Jimmy Smith, director general of the International Livestock Research Institute (ILRI) gave a keynote presentation at the opening of the Global Animal Health Conference, ‘Developing global animal health products to support food security and sustainability’, in Arlington, Virginia on 17th October 2013.
In the presentation Smith sets out the state of global food security and considers how the world will manage to feed itself as the human population grows before stabilizing at about mid-century. He states that some 60% more food than is produced now will be needed by then and somehow, some 75% of that increase will have to come from increases in productivity rather than from increases in land under cultivation. This higher production must be achieved while at the same time reducing poverty and hunger and addressing environmental, social and health concerns argues Smith and in addition, the greater food production will have to be achieved in the face of temperatures 2−4 degrees C warmer than today’s.
The presentation also describes the nutritional divides in the world today, trends in gains in consumption of meat in poor and emerging economies which are greatly outpacing those of the industrialized countries, the important role of very small-scale farmers in developing countries in producing food and the unrecognised competitiveness of these farmers. Smith also describes the huge global trade in livestock and rising demands for meat, milk and eggs in developing countries and focuses much of the attention on global animal health. Further topics include the impacts of livestock disease in Africa and food safety as well as opportunities for improving animal health in developing countries.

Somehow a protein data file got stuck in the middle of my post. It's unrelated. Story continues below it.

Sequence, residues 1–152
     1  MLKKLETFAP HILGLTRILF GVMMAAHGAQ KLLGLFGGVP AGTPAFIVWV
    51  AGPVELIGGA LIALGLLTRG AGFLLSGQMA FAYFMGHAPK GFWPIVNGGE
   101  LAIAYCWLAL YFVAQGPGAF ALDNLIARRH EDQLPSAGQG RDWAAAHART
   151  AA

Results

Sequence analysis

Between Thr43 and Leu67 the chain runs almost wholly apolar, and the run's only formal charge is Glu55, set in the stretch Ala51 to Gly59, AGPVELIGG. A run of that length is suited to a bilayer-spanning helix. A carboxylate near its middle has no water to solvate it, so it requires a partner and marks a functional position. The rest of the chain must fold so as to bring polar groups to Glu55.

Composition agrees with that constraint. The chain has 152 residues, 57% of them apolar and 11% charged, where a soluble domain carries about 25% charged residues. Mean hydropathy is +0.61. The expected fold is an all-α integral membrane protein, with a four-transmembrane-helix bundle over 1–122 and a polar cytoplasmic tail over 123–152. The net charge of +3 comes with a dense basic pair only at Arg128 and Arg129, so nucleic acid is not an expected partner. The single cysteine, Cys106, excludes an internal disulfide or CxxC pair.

Finally Jimmy Smith points to the risks of ignoring pressing animal health issues in the developing world such as lost livelihoods in poor countries, greater global food insecurity and increased risk of human illness in all countries.
To view the full presentation click here.
More presentations by Jimmy Smith can be found here and relate to issues such as environmental sustainability of livestock systems and the importance of small-scale livestock farms.
The FCRN has reported on a number of articles related to the issues of livestock and increasing demands for meat. See for example our Research Library categories covering ‘Meat’, ’processed meat’ and ‘red meat’. To get a broader spectrum of issues try the ‘consumption’ or ‘diet change’ categories.